The Secret of Longevity
The Garden of Wisdom #12: Logic Flunks the Test

Body Politic

Weigh-in
Modern fad diets resemble Israel's leftists - they both lead to surrendering strategic and vital areas.

A lot of the fad diets have penetrated the Observant Jewish world, which is infamous for unhealthy eating especially on Shabbat - after services Kiddush of liquor and pastry, followed by a meal of white Challa, potato and noodle kugels and cholent, with a desert of more cakes, roasted nuts and parve ice cream.

Sure, many "victims" of the fad diets have lost tons of weight. But they don't exercise. Their bodies therefore look like big empty burlap sacks draped on bone. At least when they were fat, their muscles had to work to carry the extra weight. But now, nothing. No muscle tone, just empty flab.

Modern society has become so focused on weight loss, that any weight loss seems to be good. It certainly is not. You look better and feel better when you increase your muscle-to-fat ratio. In other words, by exercising and increasing caloric intake - especially with quality protein and good HDL-producing fats - you gain weight big time without adding a millimeter to your waist or hips. In fact, your trousers or skirt fits better than ever.

The impressive initial weight loss of the "effortless" fad diets comes from losing the strategic and vital area of your body - your muscle mass. Therefore, the goal of dieting should be to improve body composition, the percentage or ratio of muscle to body fat, like we said. You do that by losing fat without losing muscle tissue. Maintaining and even increasing muscle mass is critical to weight control, because the more muscle you have, the more calories you burn. What's more, as you exercise and add resistance/strength training to your routine, you can actually look thinner and have a smaller waistline, but the scale shows that you gained weight! How can that be? Simple - muscles take up less space in your body, so body weight may stay the same or even go up as you add compact, tight muscle mass. In density, muscle is 22% more dense than fat. In other words, if you've been doing strength /resistance training, your waist is thinner, your skirt or trousers fit great, you look and feel great, but you weigh more! Maybe at 145 lbs, you could only do 20 pushups, but now at 155, you can do 50! Yes, you weigh more but you're much more healthy. Keep on liftin', bro and sis, and put the bathroom scale in the closet!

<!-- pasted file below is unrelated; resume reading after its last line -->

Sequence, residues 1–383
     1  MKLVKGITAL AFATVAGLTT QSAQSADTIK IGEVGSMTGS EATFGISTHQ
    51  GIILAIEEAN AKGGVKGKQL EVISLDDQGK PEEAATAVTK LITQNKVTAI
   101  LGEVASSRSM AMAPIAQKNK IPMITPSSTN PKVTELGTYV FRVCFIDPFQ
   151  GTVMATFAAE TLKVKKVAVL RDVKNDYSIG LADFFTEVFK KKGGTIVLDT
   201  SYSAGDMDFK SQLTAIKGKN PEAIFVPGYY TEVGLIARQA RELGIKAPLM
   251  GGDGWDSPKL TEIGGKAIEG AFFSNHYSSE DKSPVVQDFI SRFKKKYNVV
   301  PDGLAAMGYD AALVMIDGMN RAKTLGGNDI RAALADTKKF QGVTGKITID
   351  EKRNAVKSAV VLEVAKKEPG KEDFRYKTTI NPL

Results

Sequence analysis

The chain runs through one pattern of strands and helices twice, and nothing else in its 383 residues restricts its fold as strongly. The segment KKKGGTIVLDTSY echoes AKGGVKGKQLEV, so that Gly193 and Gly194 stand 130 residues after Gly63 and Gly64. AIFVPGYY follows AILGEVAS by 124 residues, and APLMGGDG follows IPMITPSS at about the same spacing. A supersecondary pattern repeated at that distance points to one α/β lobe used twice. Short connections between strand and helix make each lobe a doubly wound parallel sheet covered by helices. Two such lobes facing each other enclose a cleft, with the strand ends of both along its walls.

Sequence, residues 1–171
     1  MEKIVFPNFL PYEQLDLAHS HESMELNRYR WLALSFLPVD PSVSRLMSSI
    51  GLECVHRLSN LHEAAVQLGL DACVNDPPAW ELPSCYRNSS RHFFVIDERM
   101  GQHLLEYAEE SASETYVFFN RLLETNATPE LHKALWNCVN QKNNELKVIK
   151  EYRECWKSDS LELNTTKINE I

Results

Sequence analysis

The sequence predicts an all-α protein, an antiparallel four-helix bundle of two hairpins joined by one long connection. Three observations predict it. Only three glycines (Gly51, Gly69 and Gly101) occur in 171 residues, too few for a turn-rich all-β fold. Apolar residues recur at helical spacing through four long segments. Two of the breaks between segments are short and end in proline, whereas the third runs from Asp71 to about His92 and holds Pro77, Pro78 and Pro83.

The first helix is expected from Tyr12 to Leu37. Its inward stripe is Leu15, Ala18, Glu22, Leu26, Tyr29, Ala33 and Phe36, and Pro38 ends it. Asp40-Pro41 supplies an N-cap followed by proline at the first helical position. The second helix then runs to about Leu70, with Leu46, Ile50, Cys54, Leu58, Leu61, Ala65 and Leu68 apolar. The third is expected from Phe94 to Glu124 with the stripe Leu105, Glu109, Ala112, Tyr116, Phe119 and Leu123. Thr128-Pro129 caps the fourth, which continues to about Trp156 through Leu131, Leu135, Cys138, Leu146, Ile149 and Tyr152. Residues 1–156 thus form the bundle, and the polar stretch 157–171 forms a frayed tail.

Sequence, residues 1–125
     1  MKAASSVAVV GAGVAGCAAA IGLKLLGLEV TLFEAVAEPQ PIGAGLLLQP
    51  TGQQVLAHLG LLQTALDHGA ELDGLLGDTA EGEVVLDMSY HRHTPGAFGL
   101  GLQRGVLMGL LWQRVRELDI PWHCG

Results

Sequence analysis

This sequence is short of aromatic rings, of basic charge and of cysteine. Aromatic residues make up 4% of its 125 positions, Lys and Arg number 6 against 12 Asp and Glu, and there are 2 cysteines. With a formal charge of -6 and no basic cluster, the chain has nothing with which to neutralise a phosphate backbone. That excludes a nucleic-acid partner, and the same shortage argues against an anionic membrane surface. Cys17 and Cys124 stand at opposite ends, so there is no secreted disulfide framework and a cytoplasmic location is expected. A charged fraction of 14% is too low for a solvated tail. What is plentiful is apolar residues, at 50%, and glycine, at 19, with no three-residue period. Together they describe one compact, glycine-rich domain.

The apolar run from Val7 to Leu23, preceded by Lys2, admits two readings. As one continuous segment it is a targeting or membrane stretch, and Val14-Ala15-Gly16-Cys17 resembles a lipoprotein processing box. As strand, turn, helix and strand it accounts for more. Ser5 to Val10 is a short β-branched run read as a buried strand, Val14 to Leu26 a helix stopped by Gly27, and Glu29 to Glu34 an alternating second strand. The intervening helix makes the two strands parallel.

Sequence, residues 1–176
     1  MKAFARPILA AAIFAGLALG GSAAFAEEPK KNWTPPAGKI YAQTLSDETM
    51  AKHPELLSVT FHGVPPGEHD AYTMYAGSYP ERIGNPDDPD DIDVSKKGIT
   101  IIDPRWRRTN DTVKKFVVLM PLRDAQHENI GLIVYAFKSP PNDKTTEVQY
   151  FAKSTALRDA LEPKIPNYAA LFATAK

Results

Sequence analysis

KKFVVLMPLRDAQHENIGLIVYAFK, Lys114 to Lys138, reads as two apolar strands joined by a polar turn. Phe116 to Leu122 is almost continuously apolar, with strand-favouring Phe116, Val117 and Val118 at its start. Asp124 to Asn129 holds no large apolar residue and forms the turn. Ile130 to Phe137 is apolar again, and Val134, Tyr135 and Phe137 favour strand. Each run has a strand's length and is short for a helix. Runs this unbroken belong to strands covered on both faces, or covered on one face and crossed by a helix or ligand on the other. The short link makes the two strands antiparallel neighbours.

That's what I call "Body Politic". So, forget about your weight and just be strong and healthy. When you eat right - as natural as possible - and exercise, you'll burn fat and build muscle anyway. G-d willing, Racheli and I hope to post more body-health and fitness pointers in the near future. Meanwhile, stay healthy!

Stay tuned to the Beams for some future exciting posts on fitness, coming soon, G-d willing

Comments

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Elisheva Klein

Check out Dr Joel Fuhrman "Eat to live", nutritarian way of eating.He makes the most sense of anybody I've come across.
Thanks for your insights which always encourage and inspire.
Elisheva

Shimshon